Engaging with an unfamiliar vendor can be unsettling but there are strategies you can take to lessen your risk and not miss out on opportunities that could stem from the relationship. The best way a vendor can earn your trust is by assuming much of the risk associated with the exploration of their solution. If a vendor is truly a subject matter expert, they know what questions to ask to determine if you stand to benefit from their product or service. They help you identify pains you might not even know are hurting you. They have stories to tell of your peers who have found success with their solutions and they are willing to share those stories and references with you.

When a vendor is willing to perform the up-front work required to review your processes, that vendor shows they are vested in your success. You lose little by allowing the engagement. If they report back to you following their evaluation that they have nothing to sell you, you get the benefit of knowing that “good enough” is truly “good enough.”  If instead, you receive recommendations for improvement, you are a step ahead of where you were before the engagement. You can calculate what you are losing by doing nothing, and make a decision on whether you can accept that loss.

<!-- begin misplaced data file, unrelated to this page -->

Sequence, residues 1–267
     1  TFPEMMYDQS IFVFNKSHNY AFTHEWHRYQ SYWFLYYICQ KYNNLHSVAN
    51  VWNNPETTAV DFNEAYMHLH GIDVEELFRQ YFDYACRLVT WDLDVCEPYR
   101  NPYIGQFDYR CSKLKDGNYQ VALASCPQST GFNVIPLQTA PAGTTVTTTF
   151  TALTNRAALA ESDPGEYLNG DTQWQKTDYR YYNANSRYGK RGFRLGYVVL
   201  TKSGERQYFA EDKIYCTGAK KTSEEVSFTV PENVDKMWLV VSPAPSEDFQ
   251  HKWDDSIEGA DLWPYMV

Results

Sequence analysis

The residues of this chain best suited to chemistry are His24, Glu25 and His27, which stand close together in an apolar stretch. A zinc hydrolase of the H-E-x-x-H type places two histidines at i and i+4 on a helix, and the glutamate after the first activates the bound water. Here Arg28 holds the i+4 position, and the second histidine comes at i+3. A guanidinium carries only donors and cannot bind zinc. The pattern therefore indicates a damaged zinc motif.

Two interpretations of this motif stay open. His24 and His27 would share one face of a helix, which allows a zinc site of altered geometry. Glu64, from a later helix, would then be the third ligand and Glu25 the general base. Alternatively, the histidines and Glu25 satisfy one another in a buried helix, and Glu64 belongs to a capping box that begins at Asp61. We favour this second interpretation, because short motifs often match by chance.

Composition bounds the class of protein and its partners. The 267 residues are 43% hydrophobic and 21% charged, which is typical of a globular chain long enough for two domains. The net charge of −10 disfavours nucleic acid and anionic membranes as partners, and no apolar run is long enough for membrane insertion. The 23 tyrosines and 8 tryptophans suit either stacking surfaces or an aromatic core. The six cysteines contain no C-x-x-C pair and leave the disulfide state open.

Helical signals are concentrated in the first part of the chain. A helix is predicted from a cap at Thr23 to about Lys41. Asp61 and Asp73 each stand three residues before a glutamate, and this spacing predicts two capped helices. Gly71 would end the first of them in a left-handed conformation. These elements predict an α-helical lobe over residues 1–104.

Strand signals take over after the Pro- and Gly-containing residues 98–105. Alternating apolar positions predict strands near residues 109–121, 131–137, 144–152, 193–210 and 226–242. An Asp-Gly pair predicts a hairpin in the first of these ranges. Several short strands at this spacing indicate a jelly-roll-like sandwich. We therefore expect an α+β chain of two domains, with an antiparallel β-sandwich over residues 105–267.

2. You assume purchasing a new product or service is going to be complicated and time-consuming.

Healthcare solutions are complicated. EHR, HIS, RIS, PACS, DMS….we have all had experience with one or more of these systems. (They are so complicated we don’t even call them by their full names!) Solutions like these take time to implement, they take time to learn and often much time passes before we see the benefits promised by their developers.

Don’t make the mistake of assuming all solutions that improve the performance of your healthcare organization are complicated or that they require significant effort on your time to implement. Ask your vendor what their implementation process looks like. You may find that the burden of success is placed entirely on the vendor leaving you with little to lose but much to gain.